I want to introduce some new games to my group. But when I broach the topic like, "Howdja like to play Dogs in the Vineyard?" they balk – not at the prospect of trying something new, but at the prospect of committing a big chunk of time to a total unknown.
So, we're going to try "gaming tapas" – We're gonna set a short, limited number of sessions to try out some new games so people can get an idea of what a given game is like, and whether they'd like to come back to that game for a longer campaign.
My question, as GM, is – what's my ideal number of sessions to try a game out? The more sessions you have, the better idea you really get about the game. The fewer you have, the more games you can taste before settling in on one. What's the best balance?
I'm thinking 6. Apocalypse World at some point mentions that you haven't really started playing until you're six sessions in, and I figured independently that we needed 1 session for character creation, and at least 4 to play. Burning Wheel suggests 4 or 5 separate "teaching" sessions (tests, versus, range and cover, fight!, etc.,), so there's barely enough time in 6 sessions (including chargen) to try all of that. But that means (with weekly sessions) that trying out 4 new games (BW, AW, DitV, Leverage) will take six months!
Anyone have any direct experience with this problem? Does anyone have any concrete information on questions like the following:
Do "short circuit" techniques like If after the third session, three people want to abandon it, we move on to the next game at the next session. work? Or do they just cut down good games before the group has acclimated to them?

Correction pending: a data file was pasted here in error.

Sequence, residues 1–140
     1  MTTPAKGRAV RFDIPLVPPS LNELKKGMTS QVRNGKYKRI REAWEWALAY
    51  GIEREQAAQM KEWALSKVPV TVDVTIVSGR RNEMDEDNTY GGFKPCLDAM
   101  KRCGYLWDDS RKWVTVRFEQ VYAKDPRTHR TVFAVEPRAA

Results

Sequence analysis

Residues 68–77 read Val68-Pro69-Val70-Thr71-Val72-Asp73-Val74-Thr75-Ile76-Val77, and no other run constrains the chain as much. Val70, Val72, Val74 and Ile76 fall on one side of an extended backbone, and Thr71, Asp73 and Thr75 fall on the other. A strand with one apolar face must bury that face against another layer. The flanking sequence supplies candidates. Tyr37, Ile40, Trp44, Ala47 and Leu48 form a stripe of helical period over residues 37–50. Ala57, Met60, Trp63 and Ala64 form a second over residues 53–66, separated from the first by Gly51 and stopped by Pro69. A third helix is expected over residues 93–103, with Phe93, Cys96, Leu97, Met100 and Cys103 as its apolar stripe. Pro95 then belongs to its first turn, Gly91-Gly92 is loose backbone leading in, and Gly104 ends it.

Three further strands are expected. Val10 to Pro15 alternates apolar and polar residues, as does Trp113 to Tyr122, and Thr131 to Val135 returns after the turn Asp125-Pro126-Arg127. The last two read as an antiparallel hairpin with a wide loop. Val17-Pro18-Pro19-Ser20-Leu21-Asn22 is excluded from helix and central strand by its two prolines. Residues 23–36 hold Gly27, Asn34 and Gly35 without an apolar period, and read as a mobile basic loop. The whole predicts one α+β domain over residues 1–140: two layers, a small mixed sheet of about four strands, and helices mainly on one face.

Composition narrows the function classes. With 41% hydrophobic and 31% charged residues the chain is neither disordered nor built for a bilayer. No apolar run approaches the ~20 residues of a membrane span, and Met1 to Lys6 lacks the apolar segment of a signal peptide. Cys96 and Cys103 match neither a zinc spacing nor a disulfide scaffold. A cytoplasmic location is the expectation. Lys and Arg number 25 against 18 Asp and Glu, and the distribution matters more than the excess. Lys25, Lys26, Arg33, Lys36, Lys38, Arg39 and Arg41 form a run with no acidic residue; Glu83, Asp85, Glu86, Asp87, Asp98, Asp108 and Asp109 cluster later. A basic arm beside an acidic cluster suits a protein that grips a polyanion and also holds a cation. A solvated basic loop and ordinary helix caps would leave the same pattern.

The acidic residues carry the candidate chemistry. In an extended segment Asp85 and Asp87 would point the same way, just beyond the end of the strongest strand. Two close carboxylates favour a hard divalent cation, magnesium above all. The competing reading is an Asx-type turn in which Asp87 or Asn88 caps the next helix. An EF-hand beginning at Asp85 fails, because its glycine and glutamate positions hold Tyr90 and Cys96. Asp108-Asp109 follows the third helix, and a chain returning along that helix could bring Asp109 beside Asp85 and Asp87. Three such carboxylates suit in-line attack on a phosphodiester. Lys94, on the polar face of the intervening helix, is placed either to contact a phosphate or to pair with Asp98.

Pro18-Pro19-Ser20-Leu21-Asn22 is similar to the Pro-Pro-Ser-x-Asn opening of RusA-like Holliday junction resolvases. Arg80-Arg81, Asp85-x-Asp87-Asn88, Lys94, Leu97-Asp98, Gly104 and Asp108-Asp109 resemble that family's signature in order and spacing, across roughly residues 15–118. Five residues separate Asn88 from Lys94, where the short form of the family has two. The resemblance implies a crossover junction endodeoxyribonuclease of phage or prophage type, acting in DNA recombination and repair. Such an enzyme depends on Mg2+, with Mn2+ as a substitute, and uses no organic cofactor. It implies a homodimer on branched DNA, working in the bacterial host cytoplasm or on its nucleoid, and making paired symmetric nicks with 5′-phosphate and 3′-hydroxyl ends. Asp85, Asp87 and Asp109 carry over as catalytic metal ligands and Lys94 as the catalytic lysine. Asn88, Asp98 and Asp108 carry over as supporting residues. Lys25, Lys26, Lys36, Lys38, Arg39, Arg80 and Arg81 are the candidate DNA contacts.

Would I be better off spending a session on character creation, to give my group a sense of what's possible in a given system, or handing out pregens, to avoid wasting a whole session on creating characters?
Specifically, this question is not only about the games that I've mentioned here – it's about techniques for testing the waters with any new game for a group. I have listed games that I intend to try in the sort-term, however, answers should focus more on the concept and less on individual scenarios or adventures for any one particular game.
Every session offers a chance for veto. Demonstrate central mechanics first, supporting mechanics (like character gen) second.
While it's nice, in theory, to say "We'll try this for 6 sessions" it is quite clear, to me, within one session of playing a game if I'm comfortable with the game or not. Just about a year ago, I did a number of games in "uncampaign" format, where there was a weekly meeting to try a different game as often as we felt like. Games the group didn't like didn't last beyond one session because it was obvious that the mechanics didn't mesh well with group expectations.
The trick is to keep things simple. The first session is to explore and demonstrate the core mechanic of the system. The central mode of conflict should be made ovious in the first session. If characters are sufficiently complex that they take non-trivial amounts of time to generate, they should be presented beforehand.
In running professional demos of the RPG I helped write, we had to communicate the central concept in a five minute combat. A four hour game was enough for a whirlwind tour of all the major mechanics and the length of time most convention games are budgeted for.
My advice: Run one game as a pre-gen demo game, and allow players to create characters during the second game of the system demonstration. Allow anyone to veto for any reason, and have a debrief after to see what went wrong for people. People are, of course, allowed to make persuasive cases and explain the difference interpretations of rules in the debrief, but it will bcome quite clear if everyone is willing to try a second session.